“I don’t think it’s up to us to mandate that,” he said.

    But Ald. Paul Neumyer said he does not believe it’s unreasonable, noting the footage won’t be viewed or requested by police unless there’s a need.

    “It’s a great tool for law enforcement,” said Neumyer, a retired police officer.   



 
Candidate starts write-in bid for aldermanic seat PDF Print E-mail
Community
Written by KRISTYN HALBIG ZIEHM   
Wednesday, 16 January 2013 18:37

    A write-in candidate has emerged for Port Washington’s 5th District aldermanic seat, which is being vacated by Ald. Joe Dean.

    Kevin Rudser, a member of the city’s Board of Public Works, announced last week he would seek the seat on the Common Council.

    His write-in campaign was spurred by friends who urged him to run, Rudser said, adding he’s had political aspirations but wanted to be sure he had enough time to do a good job before running for office.

    Rudser, who is a co-chairman of the city’s Waterfront Safety Committee and a member of the Port Washington Main Street promotions committee, said it’s an exciting time to run for office.

    “I like the direction the community is going in,” Rudser said. “I think we’re seeing a real rebirth of the downtown. There’s a lot of good things happening. I want to help continue that.”

    He is also looking at some neighborhood initiatives and wants to keep an eye on the city’s taxes and spending, Rudser said.

    Rudser, 44, of 889 Glenlyon La., is facility manager at Curt Joa Inc. in Sheboygan Falls.

    If elected, he would be one of two new members of the Common Council.

    Harbor Commission member Bill Driscoll is seeking election to the District 3 seat being vacated by Ald. Jim Vollmar.

    Incumbent aldermen Mike Ehrlich and Dan Becker, who represent the city’s 1st and 7th districts, respectively, will be unopposed on the ballot.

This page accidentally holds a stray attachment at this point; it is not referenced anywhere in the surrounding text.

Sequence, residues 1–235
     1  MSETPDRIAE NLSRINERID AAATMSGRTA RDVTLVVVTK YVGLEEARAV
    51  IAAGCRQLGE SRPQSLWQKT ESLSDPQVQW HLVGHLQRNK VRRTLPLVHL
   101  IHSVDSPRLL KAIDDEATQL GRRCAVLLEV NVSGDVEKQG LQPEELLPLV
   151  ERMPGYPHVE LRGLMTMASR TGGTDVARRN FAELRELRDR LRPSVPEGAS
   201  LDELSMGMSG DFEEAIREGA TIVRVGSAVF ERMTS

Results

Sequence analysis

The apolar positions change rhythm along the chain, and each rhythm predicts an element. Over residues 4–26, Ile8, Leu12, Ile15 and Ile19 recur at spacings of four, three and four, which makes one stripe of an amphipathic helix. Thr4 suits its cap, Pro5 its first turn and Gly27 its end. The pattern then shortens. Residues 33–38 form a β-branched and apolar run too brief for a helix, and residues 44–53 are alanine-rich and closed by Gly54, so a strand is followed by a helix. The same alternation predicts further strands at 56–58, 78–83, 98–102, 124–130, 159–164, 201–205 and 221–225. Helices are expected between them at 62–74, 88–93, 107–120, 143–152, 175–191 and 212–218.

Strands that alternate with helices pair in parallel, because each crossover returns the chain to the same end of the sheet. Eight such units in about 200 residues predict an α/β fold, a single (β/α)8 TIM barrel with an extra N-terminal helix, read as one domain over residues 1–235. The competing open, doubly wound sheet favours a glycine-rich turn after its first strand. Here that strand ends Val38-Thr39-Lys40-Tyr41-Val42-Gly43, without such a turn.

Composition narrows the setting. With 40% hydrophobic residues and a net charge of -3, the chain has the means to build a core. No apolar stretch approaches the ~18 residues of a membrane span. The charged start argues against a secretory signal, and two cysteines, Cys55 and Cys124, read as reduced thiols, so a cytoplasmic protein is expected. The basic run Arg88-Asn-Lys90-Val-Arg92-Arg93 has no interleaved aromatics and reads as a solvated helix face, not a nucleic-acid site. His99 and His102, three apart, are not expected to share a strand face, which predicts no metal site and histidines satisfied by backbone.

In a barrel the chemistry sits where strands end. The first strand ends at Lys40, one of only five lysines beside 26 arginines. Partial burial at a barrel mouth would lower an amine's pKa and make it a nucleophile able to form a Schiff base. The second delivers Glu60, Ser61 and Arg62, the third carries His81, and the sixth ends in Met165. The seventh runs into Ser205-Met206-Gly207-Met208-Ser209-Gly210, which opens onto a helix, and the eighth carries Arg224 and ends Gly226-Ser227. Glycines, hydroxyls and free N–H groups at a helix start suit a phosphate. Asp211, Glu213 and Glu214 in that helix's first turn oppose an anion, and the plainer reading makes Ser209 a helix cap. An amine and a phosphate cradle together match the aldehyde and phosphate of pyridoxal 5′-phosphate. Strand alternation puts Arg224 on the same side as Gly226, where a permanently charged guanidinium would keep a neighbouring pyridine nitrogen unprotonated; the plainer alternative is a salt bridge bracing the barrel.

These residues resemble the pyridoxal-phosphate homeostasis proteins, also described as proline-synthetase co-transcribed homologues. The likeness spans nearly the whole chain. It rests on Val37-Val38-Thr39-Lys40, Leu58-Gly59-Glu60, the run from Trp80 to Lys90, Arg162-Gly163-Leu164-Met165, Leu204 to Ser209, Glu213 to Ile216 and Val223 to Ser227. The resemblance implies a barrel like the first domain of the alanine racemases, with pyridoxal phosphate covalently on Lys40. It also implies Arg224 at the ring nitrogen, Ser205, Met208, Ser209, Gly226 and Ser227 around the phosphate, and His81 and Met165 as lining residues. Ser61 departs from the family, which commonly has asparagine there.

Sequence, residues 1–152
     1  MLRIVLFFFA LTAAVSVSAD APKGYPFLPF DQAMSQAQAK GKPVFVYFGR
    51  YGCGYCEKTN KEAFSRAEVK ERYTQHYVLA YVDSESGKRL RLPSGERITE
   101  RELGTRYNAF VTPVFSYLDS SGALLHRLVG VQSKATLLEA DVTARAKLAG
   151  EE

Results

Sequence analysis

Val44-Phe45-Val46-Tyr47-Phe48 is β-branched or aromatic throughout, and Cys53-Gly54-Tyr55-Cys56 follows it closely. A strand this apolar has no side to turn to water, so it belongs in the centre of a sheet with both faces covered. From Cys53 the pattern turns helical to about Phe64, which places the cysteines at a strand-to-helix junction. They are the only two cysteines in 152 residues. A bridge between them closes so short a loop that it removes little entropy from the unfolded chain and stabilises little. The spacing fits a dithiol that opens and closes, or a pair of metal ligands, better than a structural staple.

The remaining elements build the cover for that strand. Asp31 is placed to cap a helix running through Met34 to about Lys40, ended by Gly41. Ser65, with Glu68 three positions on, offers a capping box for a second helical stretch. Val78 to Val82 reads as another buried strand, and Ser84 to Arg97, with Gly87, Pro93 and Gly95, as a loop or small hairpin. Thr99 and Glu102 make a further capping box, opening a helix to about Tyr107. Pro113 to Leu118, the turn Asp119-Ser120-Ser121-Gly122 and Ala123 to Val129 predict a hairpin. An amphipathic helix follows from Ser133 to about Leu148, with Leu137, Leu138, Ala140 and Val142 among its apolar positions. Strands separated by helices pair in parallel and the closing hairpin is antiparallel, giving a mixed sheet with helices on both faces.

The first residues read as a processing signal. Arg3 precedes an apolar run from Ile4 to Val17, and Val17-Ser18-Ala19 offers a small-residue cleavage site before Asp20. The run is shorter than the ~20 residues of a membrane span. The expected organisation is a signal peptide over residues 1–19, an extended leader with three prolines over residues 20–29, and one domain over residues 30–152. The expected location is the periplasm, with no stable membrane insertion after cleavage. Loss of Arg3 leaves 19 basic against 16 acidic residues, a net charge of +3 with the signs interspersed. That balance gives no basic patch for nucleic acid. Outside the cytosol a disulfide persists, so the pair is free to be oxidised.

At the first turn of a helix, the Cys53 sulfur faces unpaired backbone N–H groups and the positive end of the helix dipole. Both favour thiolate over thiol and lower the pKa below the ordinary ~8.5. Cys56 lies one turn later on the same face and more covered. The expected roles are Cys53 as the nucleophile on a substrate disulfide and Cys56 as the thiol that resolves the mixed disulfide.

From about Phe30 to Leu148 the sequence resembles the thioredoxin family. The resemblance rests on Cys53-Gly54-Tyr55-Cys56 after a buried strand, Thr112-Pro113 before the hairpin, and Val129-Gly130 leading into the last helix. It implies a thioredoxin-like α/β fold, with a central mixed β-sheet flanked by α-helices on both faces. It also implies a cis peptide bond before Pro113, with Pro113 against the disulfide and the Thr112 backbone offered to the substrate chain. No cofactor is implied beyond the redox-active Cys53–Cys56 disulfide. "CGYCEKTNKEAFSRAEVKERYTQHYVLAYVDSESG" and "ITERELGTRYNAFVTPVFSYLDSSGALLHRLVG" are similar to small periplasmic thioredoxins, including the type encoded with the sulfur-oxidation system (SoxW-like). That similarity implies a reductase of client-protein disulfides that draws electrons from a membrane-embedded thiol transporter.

The spring election will be held Tuesday, April 2.

 
Grant to bolster Port’s war on ash borer PDF Print E-mail
Community
Written by KRISTYN HALBIG ZIEHM   
Wednesday, 09 January 2013 18:56

City to use $25,000 in state DNR funding to track treatments, protect trees, replace those killed by beetle

    Port Washington’s battle against the emerald ash borer got a boost with a $25,000 grant from the Department of Natural Resources, Public Works Director Rob Vanden Noven said Tuesday.

    The grant will help the city purchase a specialized software program to help it manage its trees and treatments against the borer, Vanden Noven told the Board of Public Works.

    The grant will also help purchase chemicals needed to treat ash trees against the borer and replace trees that are killed by the beetle, he said.

    The grant will provide matching funds, he said, so the city will have to spend an equal amount of money.

    That shouldn’t be difficult. The city has 1,100 ash trees along its streets — 14% of the trees that line its roads — and many more in its parks that are at risk of being killed by the borer, which was first detected in the community in June.

    Since then, the city has committed itself to waging a battle against the emerald ash borer, an invasive green beetle that has killed tens of millions of trees from the East Coast to the Midwest since it was first found in the U.S. in 2002.

    While the borer was first found in Port Washington last year, it has likely been in the community for years, officials said, noting it takes several years for trees to show the effect of the pest.

    Vanden Noven said he does not know how many trees in the city are infested with the borer.

    The borer was initially found in a dead ash tree on a wooded hillside in the 400 block of North Powers Street, and officials said several other trees in the area were likely killed by the borer.

    It has also been detected in trees downtown and on Webster Street, where Vanden Noven said virtually every ash tree is infested.

    Officials agreed last year that they will chemically treat select ash trees against the borer in an attempt to stem the damage done by the bug.

    The city may have another weapon to use against the insect, Vanden Noven told the board.